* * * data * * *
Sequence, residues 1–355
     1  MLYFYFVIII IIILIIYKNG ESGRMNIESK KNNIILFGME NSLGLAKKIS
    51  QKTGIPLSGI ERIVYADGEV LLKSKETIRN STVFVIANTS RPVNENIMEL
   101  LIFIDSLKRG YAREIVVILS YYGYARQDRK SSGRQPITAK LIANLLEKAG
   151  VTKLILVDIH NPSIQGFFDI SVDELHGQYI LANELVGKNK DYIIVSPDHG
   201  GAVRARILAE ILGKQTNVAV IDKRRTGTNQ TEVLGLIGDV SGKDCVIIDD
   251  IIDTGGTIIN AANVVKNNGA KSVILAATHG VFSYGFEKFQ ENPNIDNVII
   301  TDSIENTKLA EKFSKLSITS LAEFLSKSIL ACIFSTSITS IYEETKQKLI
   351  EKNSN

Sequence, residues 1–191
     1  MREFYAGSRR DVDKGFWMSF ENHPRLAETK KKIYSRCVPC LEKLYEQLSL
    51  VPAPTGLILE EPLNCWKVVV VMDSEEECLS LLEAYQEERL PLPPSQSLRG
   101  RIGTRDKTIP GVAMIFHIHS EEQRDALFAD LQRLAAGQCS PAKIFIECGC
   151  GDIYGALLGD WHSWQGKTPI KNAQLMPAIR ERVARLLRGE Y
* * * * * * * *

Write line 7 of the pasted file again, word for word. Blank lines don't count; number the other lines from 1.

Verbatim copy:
   251  IIDTGGTIIN AANVVKNNGA KSVILAATHG VFSYGFEKFQ ENPNIDNVII